Our neglected lawn has turned into mostly crab grass and a few other random weeds. At one point we had fescue. Thankfully no HOA watching us - but would like it to be mow-able and to not have bare dirt spots in the winter. It is shade to part-shade. It's a small area but not small enough to hand-weed, as I want to spend my time in the gardens. Any suggestions? Thank you!
To me it builds immense biomass and indicates the soil is deficient. Probably in organic matter and possibly super acidic. I have been much more successful letting it rehabilitate the soil in the summer, then mow it in the fall and put in some cool season grasses and forbs. For a small lawn area, one time decompaction could be super helpful. You cannot eradicate the seed bank without extreme measures IMO.
Standing on the shoulders of giants. Giants with dirt under their nails
Crabgrass is definitely one of my biggest obstacles. It seems to show up everywhere, and will quickly make a thick mat that chokes out other plants. It also has a tendency to sneak past me by popping up at the base of the established plants. It wouldn't bother me, except for the fact that it's so thirsty, and quickly drains the area it's growing in. Being a short-lived annual, it seems to not care about dying from thirst after sucking the water from the soil, since it can just go to seed and have thousands of babies come up the next time it rains. Fortunately, it does pull up easily; however it often comes up attached to a big clod of soil (especially when it's in my container plants), which means I have to shake it out before tossing it (since it will start growing again).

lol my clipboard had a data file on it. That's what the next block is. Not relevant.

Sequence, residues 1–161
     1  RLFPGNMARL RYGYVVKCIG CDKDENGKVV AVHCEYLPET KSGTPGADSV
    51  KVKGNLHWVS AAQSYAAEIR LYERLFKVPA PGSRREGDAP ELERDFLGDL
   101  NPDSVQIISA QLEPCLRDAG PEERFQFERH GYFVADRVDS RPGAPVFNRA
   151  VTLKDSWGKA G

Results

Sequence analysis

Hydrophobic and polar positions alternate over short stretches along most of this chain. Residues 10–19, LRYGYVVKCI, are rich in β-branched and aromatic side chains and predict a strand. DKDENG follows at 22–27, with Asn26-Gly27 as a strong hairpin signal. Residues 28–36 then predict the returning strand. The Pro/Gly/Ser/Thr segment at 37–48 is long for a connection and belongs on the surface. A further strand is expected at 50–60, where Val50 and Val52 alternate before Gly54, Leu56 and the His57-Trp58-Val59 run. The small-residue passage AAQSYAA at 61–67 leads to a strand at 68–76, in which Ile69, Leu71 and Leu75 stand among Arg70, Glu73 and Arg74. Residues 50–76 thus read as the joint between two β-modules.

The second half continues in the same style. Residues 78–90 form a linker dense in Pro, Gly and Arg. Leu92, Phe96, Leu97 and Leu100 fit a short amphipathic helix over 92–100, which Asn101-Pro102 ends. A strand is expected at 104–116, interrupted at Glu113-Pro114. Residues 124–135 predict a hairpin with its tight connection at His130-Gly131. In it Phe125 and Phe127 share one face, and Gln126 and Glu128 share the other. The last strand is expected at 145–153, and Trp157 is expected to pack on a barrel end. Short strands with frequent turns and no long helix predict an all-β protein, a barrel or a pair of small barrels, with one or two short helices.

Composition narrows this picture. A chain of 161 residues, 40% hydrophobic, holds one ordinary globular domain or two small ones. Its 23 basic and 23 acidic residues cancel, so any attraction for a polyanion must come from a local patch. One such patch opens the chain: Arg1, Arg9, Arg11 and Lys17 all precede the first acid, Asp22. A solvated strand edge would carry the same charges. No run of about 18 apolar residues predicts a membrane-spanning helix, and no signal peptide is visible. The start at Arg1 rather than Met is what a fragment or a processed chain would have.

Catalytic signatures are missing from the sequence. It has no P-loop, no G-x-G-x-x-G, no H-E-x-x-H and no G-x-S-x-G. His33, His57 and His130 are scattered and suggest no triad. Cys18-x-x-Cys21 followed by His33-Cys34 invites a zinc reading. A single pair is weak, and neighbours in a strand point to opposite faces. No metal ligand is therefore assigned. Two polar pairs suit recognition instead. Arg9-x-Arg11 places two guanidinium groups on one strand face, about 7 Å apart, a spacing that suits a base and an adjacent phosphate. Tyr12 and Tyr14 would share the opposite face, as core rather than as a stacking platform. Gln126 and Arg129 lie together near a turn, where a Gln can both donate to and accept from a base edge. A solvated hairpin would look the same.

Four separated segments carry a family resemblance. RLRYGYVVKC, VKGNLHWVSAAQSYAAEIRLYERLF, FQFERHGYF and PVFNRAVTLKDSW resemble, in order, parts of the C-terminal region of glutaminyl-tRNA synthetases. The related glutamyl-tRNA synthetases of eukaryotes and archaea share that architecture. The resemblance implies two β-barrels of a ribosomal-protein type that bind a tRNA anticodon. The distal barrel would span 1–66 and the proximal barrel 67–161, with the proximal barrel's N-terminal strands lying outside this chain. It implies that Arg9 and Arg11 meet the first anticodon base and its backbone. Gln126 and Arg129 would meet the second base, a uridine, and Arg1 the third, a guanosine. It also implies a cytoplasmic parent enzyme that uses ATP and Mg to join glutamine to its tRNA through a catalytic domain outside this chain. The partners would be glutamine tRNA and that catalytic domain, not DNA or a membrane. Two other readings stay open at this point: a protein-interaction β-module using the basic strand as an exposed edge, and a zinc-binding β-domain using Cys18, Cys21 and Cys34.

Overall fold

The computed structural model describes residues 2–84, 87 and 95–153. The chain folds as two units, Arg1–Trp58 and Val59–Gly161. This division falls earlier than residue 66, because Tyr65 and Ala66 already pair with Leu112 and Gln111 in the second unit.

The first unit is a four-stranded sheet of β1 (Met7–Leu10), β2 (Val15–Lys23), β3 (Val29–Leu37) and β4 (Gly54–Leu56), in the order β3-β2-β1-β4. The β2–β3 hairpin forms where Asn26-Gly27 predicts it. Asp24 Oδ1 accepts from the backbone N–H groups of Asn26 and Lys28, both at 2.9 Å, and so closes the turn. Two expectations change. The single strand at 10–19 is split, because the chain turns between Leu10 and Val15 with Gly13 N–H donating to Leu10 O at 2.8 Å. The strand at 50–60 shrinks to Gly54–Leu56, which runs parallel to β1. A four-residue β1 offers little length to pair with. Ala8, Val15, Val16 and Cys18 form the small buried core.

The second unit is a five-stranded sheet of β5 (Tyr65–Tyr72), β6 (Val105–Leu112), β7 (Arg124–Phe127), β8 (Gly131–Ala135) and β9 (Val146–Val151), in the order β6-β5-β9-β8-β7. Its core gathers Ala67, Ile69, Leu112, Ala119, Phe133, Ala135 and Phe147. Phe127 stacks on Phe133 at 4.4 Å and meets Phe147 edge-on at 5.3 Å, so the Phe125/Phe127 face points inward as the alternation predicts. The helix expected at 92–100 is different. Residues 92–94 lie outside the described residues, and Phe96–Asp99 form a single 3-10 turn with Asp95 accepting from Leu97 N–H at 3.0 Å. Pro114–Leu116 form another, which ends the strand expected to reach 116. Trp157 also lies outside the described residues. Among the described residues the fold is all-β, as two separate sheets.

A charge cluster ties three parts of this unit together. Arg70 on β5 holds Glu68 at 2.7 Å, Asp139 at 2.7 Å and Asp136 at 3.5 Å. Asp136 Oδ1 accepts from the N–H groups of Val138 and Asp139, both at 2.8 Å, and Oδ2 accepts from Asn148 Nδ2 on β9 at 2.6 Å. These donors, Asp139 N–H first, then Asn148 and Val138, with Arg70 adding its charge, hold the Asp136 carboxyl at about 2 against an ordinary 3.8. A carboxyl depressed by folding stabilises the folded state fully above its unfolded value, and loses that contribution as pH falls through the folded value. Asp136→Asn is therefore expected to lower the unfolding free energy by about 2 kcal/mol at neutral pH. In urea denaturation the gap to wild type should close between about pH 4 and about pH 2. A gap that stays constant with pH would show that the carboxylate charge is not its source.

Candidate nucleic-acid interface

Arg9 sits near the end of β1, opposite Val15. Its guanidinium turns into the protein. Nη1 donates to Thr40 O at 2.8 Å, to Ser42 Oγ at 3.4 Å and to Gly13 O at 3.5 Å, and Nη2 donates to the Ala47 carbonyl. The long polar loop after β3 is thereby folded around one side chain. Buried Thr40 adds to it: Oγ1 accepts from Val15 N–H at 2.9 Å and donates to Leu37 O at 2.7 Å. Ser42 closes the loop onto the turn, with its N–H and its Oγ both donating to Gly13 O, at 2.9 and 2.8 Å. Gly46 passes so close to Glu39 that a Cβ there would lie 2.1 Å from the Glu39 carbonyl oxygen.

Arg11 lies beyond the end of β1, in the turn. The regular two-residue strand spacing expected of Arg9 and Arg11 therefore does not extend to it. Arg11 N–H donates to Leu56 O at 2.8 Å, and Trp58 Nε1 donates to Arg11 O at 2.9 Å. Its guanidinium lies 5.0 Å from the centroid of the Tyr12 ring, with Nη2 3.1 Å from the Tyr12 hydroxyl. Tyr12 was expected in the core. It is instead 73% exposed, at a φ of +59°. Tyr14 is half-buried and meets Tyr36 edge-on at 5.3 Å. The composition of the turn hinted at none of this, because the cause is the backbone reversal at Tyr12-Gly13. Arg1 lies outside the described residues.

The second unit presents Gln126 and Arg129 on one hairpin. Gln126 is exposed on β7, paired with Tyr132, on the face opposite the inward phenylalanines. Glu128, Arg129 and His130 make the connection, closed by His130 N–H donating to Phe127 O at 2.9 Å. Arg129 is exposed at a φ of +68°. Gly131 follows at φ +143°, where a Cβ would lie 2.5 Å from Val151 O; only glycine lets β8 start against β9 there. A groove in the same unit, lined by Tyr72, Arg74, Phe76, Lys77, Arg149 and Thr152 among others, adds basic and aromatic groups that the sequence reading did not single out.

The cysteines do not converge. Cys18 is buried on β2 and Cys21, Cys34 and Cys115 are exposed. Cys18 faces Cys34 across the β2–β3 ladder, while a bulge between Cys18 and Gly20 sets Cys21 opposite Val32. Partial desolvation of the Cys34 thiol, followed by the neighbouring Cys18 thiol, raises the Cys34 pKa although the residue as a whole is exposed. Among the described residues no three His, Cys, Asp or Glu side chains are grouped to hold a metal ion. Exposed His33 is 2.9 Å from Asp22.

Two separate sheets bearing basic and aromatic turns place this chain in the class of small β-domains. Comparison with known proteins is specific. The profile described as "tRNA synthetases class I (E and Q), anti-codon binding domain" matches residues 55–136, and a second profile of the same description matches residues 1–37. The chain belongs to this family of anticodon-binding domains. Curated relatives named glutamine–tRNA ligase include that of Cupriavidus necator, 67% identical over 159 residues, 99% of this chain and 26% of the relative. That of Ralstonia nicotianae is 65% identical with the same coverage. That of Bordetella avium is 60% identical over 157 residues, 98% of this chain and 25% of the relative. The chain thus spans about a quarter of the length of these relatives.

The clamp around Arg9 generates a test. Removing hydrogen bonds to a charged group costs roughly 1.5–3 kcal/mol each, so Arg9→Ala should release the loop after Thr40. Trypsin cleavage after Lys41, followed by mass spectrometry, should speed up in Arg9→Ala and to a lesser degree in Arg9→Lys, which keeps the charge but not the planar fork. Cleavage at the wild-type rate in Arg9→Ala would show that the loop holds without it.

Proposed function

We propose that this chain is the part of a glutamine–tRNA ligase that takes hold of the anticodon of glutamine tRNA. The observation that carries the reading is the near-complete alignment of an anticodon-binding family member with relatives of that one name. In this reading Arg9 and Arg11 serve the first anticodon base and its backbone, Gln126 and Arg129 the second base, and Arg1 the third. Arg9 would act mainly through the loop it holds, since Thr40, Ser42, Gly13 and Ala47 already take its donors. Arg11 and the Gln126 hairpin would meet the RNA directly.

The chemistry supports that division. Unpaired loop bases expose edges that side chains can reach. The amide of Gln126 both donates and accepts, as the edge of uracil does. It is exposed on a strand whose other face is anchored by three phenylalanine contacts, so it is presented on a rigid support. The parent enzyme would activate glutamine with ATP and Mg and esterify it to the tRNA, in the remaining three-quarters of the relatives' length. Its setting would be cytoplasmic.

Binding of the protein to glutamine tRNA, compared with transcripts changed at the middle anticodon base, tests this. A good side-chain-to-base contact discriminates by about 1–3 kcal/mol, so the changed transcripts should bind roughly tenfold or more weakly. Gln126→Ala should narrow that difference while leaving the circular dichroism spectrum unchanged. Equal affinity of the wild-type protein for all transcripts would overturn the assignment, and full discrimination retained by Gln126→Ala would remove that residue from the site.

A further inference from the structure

Unfortunately, there's no clear solution that I've discovered (yet). I've found some things that can tolerate it, mostly perennials (shrubs), biennials (chard/kale) and some deep-rooted annuals (sunflowers); though they typically need to be established before the crabgrass takes over. Mint and it's relatives seems to be able to hold it's own against the crabgrass, but doesn't seem to be able to crowd it out. Bermuda can crowd it out but, in my opinion, that's worse than the crabgrass. Poultry seem to eat it, particularly my geese, but they'll also eat the other things growing. So far, the best tool I've found to clear a patch fairly quickly is the scuffle hoe. I use it to clear the crabgrass from a spot, then try to immediately plant or seed something in that place before the leftover roots push new growth or the crabgrass seeds in the soil bank decide to come up. It isn't foolproof but it's a good way to begin the transition to growing something that can compete with the crabgrass.
The Greenhouse of the Future ebook by Francis Gendron